History


This work dates back to a visit I made to Winchester Cathedral in Hampshire in 1997.

Though I had visited the Cathedral before, this time I was particularly impressed by the collection of ‘table tombs’ that are scattered within the Cathedral. The collection ranges between the grandiose to the macabre: each symbolising their own fate in terms of what may await the incumbent in the afterlife. Cathedrals throughout the UK are full of the equivalent examples Winchester has in abundance.


However, what impressed me most and what, as a twentieth century man living in a predominantly atheistic/agnostic society, I found to be the most difficult of question to answer, was how we lack such certainty of life and death that the characters lying upon the tombs had - that by their position, wealth and absolute belief in a life after death everlasting life was assured to them. This belief governed everything within and without the Church and society.

I am not a believer in any particular church or faith, and here is not the time or place to explain why. But I do believe that one subject preoccupies all of us to a greater or lesser degree. We die. It is self-evident. We all come to this conclusion! But I think it is fair to say that within the western european landscape as a whole (whilst I fully acknowledge there are exceptions) death and the fear of death are seen as ‘the end’ - and to be shunned and denied at all costs.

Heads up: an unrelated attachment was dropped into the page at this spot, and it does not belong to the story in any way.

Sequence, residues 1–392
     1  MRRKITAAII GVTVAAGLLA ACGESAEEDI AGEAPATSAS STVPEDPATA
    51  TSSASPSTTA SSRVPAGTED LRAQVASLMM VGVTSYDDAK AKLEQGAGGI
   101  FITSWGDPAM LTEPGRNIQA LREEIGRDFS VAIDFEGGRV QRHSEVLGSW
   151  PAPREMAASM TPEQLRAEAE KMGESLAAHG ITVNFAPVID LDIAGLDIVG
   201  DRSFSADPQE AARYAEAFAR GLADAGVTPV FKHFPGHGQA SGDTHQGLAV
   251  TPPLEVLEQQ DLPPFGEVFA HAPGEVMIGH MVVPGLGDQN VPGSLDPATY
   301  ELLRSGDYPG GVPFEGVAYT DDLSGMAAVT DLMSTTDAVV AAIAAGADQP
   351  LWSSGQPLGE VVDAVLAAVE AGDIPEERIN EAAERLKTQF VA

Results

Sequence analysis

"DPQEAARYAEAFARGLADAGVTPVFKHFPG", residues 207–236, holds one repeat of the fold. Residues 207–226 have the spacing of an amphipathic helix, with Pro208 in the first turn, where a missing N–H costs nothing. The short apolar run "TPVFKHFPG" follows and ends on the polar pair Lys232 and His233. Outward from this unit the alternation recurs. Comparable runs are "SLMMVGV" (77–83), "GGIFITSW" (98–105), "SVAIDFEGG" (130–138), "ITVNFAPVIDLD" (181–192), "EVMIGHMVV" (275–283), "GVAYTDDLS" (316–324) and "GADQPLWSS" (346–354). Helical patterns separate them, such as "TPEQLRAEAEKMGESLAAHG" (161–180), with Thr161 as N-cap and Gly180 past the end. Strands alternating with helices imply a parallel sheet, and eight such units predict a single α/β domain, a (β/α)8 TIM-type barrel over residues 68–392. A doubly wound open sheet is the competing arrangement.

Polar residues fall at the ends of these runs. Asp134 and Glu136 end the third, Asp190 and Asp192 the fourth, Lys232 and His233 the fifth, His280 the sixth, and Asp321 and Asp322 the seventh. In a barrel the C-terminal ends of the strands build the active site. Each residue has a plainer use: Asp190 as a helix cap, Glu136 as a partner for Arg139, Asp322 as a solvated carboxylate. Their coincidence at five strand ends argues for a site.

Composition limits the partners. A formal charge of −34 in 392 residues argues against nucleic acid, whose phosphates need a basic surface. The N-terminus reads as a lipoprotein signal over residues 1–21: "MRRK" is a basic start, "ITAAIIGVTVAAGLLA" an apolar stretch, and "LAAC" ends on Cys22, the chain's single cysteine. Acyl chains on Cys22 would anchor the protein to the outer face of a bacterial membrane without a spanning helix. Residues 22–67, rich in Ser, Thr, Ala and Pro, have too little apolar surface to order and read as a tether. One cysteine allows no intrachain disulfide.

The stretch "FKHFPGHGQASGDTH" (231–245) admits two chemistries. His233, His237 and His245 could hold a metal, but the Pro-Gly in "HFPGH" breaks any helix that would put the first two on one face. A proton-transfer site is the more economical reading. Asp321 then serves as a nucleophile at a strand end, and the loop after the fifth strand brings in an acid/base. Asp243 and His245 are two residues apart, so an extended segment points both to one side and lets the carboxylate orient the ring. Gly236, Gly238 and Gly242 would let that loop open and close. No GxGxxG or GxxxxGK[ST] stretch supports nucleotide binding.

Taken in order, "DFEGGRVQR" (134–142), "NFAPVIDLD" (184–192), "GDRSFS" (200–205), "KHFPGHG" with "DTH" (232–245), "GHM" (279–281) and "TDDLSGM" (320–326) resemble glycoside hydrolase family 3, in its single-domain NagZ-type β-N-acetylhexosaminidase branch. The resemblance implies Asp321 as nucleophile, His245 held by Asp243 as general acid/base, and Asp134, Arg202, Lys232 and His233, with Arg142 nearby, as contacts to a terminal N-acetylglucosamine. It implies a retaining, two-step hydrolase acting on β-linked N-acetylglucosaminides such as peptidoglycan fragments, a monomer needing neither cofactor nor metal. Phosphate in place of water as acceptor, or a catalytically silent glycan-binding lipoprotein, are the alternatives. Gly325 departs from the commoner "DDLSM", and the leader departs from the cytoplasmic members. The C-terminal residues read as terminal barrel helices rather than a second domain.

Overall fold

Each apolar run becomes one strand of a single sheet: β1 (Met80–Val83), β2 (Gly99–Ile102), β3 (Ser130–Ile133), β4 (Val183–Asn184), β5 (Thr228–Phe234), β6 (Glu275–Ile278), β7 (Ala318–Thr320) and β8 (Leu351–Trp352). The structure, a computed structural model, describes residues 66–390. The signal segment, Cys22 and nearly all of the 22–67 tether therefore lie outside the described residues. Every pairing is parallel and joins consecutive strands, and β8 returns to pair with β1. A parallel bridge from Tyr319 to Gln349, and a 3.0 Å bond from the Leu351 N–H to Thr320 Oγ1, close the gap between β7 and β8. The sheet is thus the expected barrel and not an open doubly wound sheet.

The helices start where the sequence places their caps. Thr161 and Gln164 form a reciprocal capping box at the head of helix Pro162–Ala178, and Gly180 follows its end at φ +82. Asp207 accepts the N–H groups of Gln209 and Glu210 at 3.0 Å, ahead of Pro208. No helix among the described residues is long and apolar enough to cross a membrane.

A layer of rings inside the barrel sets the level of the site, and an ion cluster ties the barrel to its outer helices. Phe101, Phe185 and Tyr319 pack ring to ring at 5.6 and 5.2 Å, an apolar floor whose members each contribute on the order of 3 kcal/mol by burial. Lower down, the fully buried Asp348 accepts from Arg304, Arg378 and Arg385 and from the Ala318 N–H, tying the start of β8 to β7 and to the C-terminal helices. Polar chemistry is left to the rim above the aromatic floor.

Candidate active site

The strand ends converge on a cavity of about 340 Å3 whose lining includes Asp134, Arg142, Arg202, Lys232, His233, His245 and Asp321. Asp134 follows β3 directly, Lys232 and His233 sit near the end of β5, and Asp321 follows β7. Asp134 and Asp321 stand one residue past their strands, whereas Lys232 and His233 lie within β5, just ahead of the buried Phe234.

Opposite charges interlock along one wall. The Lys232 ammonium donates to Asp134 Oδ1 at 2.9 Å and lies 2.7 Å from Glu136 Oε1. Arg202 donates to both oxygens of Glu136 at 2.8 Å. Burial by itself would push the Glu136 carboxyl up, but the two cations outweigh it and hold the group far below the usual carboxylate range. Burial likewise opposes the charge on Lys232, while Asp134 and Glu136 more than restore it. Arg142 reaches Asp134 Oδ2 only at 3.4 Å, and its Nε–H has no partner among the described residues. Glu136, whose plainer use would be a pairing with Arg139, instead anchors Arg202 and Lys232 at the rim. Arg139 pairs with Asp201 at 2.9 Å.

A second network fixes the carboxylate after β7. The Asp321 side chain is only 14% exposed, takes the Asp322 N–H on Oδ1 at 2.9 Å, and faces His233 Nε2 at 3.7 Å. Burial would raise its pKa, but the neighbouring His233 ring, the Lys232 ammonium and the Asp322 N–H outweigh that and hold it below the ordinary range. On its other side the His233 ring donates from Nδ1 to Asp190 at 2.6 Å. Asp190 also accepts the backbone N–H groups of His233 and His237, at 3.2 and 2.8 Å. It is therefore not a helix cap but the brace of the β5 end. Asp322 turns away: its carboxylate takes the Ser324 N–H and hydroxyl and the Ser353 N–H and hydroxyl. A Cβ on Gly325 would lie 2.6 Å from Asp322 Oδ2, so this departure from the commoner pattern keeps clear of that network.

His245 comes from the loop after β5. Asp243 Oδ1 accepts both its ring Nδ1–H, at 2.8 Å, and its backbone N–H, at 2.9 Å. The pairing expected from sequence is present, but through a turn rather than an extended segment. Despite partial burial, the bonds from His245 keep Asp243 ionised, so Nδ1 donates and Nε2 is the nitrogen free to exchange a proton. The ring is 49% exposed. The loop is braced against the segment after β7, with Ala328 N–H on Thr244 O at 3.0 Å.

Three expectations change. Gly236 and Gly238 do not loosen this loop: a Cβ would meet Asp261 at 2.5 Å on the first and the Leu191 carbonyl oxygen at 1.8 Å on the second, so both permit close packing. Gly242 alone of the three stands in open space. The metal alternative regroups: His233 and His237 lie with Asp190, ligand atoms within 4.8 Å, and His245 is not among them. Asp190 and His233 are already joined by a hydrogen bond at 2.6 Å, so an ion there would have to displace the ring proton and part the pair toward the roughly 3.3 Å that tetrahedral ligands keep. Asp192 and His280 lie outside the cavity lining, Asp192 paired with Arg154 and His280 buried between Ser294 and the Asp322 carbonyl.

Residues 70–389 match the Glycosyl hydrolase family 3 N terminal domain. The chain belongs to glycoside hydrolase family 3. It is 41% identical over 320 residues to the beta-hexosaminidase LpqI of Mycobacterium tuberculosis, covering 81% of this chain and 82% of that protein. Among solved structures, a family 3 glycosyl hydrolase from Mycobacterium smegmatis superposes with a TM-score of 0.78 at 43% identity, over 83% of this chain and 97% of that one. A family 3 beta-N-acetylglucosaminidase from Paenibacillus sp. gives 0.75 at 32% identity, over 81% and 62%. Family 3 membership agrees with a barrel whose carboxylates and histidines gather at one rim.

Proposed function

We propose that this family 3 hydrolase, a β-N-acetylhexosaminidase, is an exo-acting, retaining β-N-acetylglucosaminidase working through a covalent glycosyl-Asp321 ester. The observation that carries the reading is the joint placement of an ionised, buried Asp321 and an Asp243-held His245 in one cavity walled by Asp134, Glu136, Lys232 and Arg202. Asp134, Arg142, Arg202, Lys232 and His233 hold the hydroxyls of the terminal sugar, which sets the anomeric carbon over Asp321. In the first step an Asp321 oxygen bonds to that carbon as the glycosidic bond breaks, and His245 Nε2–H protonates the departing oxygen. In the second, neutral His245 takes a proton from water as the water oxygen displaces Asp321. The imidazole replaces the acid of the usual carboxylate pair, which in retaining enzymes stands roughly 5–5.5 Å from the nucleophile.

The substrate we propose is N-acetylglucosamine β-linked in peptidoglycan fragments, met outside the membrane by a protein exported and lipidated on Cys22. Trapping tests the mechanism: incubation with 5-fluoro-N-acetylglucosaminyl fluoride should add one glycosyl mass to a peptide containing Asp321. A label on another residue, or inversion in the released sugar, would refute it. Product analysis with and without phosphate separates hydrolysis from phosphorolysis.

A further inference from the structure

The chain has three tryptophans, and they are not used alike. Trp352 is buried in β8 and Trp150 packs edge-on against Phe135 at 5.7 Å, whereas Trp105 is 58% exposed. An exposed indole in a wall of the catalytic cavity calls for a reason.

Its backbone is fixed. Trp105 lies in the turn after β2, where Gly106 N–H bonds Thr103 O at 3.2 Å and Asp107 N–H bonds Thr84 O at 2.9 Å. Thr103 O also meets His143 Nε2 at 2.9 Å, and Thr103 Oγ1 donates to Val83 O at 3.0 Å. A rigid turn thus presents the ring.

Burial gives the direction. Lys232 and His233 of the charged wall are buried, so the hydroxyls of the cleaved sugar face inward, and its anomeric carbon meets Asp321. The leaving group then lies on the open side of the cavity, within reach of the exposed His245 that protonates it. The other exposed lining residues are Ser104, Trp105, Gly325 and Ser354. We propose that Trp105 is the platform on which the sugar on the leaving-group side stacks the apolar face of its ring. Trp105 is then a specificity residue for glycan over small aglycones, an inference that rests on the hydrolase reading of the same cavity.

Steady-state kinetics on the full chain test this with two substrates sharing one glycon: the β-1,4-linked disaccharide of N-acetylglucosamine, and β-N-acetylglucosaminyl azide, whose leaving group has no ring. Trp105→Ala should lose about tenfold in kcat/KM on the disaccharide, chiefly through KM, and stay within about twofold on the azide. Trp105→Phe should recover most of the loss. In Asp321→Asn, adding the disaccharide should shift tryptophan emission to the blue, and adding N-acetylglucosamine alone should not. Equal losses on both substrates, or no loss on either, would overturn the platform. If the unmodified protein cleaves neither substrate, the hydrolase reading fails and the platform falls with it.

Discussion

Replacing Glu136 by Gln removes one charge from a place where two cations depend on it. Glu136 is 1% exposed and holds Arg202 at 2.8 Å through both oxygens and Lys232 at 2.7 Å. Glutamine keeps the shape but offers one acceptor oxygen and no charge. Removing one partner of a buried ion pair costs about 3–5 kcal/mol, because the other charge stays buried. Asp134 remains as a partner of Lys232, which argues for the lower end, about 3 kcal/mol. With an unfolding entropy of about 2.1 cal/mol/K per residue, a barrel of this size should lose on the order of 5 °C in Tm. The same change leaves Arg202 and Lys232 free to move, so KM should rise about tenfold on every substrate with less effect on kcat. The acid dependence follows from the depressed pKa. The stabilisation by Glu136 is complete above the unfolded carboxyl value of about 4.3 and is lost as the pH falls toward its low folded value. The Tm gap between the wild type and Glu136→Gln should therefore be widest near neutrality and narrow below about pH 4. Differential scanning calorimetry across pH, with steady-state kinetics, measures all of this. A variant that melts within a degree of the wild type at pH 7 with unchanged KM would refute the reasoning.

I see life/death as one and the same thing. We are in one ‘state’ at a certain time, and we are in another at another time. Our physical nature and our memories are one and the same thing.

This cyclical nature has been at the core of this work, and the use of wax has come to represent, metaphorically, that cycle. With little interference wax will move from one physical ‘state’ to another and then, often back again. It is still wax (and will always remain wax) but merely in another form.

But at the heart of this work is an attempt to momentarily take a step away from the usual occupations of life - to give some thought to one’s ‘place’’- to ‘take stock’ if only for a fleeting moment.

This work is not pessimistic or morbid - it was not conceived or executed with those feelings in mind. Death and relationships (of any kind) change - absolutely nothing stands still even if we would wish it to be otherwise.

From the very generous communications that people had sent to me during the time of the installation, many people did take that moment to consider what the work had to say and what it implied, if only for a brief poignant moment. That made six years work worthwhile.

Winter 2003